The Explorer’s Way – it begins

As we write this blog, we are in Leigh Creek at the Outback Resort. We’ve treated ourselves to a motel stay and pub meal before going bush. It’s been a huge week, so we’d better catch you up!

Finishing up the Strzelecki Track at Lyndhurst, we were all still on a high from our time at Montecollina Bore. There are no rubbish bins on The Strz, so we dropped our rubbish off at the bins in town. The public amenities are lovely. We truly appreciate flushing toilets over drop loos or none at all! Small things huh? We stopped at the Lyndhurst Roadhouse to get some fuel, only to find that their diesel pumps were offline – waiting on a technician to come up from Adelaide. This roadhouse is a major stopping point, and it must be frustrating for them to have to turn customers away. We weren’t so easy to turn away though, and ordered some burgers for lunch. Boy was it worthwhile! Please, if you travel through or past Lyndhurst, do yourself a favour and grab a burger with the lot! YUMMO!

We topped up our fuel at Leigh Creek on the way south, having no choice but to go that way to find a BP service station, get our window fixed and fridge replaced. A vicious side wind took its toll on our fuel consumption, and we rejoiced as we arrived in Hawker and found a BP servo with diesel!

The Big 4 Discovery Park Port Augusta welcomed us, and graciously extended our stay at a discounted rate so that we could attend to repairs. They allocated us a great site directly opposite the amenities block and near the camp kitchen. It was great to scrub clean in the showers and catch up on some washing.

We caught up on our blogs and social media, the kids dived back into school work, and we made the necessary arrangements to repair equipment. We had some heavy rain one evening, and it whilst we were prepared, it was so awesome to have a member of the holiday park staff come to our campsite and others neighbouring, to make sure that we were ok and not flooding!

Our kids are “open books” as we travel, and always share what we’re doing, where we’ve been, and even what we’re having for tea! Our daughters brought a visitor to camp, having told said guest that “mum speaks German! You have to come and talk to her!”. Birgit, her husband and son, are travelling Australia in a motorhome. From Lichtenstein, Birgit is a teacher of Psychology and Pedagogy. We discussed our journey, theirs, and Luna’s role in our lives. The idea of a Mental Health Assistance dog was new to Birgit, and she shared that many schools in her area take their students, from a young age, to visit aged care facilities and mental health care centres. Meeting the residents and hearing their stories, is designed to make the concepts less confronting, break down the stigma, and build acceptance into future generations. It was truly inspiring to listen to this! Australia has a lot to learn from Europe in this respect. Whilst we also discussed that mental health diagnoses are on the rise, that can also be attributed to the current generation being more willing to speak and seek help. We know that it will take another two generations at least, to have the topic of mental health “normalised”, but it is so encouraging to hear of other countries already making huge leaps forward!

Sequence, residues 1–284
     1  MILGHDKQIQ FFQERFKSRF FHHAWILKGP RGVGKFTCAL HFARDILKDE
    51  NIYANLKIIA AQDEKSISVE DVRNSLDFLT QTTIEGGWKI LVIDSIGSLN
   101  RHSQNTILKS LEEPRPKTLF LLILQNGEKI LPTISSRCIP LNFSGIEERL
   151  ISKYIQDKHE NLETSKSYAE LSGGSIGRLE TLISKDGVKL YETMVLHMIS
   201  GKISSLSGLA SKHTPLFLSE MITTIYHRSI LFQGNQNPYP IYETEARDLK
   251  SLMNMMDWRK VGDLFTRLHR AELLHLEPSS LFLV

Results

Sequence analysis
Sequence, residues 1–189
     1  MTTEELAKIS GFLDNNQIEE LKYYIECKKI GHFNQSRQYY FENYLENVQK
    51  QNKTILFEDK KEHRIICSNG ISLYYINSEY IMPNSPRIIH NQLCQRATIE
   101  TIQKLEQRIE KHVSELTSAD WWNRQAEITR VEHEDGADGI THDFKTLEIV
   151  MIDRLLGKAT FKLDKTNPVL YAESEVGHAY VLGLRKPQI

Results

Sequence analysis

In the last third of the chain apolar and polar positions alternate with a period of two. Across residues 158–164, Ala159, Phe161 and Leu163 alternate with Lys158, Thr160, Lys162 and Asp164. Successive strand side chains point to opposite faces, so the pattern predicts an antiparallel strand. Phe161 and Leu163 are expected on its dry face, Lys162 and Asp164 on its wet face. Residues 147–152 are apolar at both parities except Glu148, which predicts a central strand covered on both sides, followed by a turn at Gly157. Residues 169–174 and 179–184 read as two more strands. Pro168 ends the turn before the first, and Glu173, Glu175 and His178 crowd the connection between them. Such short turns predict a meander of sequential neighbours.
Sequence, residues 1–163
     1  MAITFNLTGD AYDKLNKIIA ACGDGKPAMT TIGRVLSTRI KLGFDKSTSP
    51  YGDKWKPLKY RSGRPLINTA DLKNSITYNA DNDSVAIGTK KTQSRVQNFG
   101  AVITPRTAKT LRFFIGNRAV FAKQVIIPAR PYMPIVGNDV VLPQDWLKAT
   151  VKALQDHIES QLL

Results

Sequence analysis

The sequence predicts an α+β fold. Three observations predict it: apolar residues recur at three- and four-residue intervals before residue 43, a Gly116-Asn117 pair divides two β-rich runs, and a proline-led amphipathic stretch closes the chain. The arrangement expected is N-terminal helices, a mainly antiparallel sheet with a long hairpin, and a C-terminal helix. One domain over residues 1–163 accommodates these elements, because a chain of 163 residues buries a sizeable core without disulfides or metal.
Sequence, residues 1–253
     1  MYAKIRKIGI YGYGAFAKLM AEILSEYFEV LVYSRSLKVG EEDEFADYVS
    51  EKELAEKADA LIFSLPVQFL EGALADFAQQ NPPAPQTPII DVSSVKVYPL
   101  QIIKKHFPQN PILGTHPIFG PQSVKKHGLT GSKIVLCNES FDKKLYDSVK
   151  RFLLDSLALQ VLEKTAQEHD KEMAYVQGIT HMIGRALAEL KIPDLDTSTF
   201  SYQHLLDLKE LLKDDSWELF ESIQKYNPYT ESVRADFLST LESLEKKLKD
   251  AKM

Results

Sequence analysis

We also met with a lady in town who also suffers from PTSD. Hers was caused by the necessity of having to undergo a medical procedure while wide awake. Sounds horrifying doesn’t it? Paul knew of the procedure the lady spoke of, and wasn’t surprised to hear that she had been told while preparing to undergo surgery, that 100% of patients develop PTSD as a result. Her surgeon even took the amazing step of undergoing the procedure himself, so that he could better understand what his patients go through during and after.

Just when we thought we were ready to leave Port Augusta, Paul developed severe dental issue and yet again, we had to extend our stay. Dentists cause Paul severe anxiety, from negative childhood experiences, so when the pain caused him to speak up, Kirstine knew it was serious. Neni’s Port Augusta Dental Care fit us in for an appointment, and were really understanding of our situation. After a thorough examination and an invasive procedure to extract an infected tooth, we took Paul home to rest. Luna wasn’t able to be in with Paul while all this took place. One of the few times where she could be legally excluded because of the surgical nature of Paul’s treatment. The dental nurse was fabulous. Her own husband has anxiety and depression, so she was very focussed on making sure that Paul was as comfortable as possible. She loved that we are travelling through smaller communities to be seen. Her own husband’s experience has been that people will often share their innermost thoughts and feelings with complete strangers. Doesn’t this highlight how important organisations like Lifeline are? When you are struggling, there is always someone who will listen, even if you don’t know who they are.

Today we were finally able to get back on the road, after thanking Sharlene for her support during our stay in Port Augusta. It was lunchtime by the time we got away, refuelling everything at the BP Roadhouse on the way out.

We retraced our steps back through to Leigh Creek, marvelling at the crumbling sandstone ruins of pioneer houses, numbers of emus along the way, and the huge willy willys/dust devils along the plains. With new music on the USB, we’ve entered a new stage of family carpool karaoke.

Maybe it’s a good thing that we’re going to be off grid for a couple of days on the Oodnadatta Track, and also that you can’t hear us all singing from where you are!

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